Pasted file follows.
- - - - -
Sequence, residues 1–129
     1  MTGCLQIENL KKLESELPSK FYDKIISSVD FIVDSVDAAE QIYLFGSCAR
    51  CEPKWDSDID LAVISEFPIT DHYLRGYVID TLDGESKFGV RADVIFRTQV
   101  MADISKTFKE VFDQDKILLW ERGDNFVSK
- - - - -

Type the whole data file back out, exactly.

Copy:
Sequence, residues 1–129
     1  MTGCLQIENL KKLESELPSK FYDKIISSVD FIVDSVDAAE QIYLFGSCAR
    51  CEPKWDSDID LAVISEFPIT DHYLRGYVID TLDGESKFGV RADVIFRTQV
   101  MADISKTFKE VFDQDKILLW ERGDNFVSK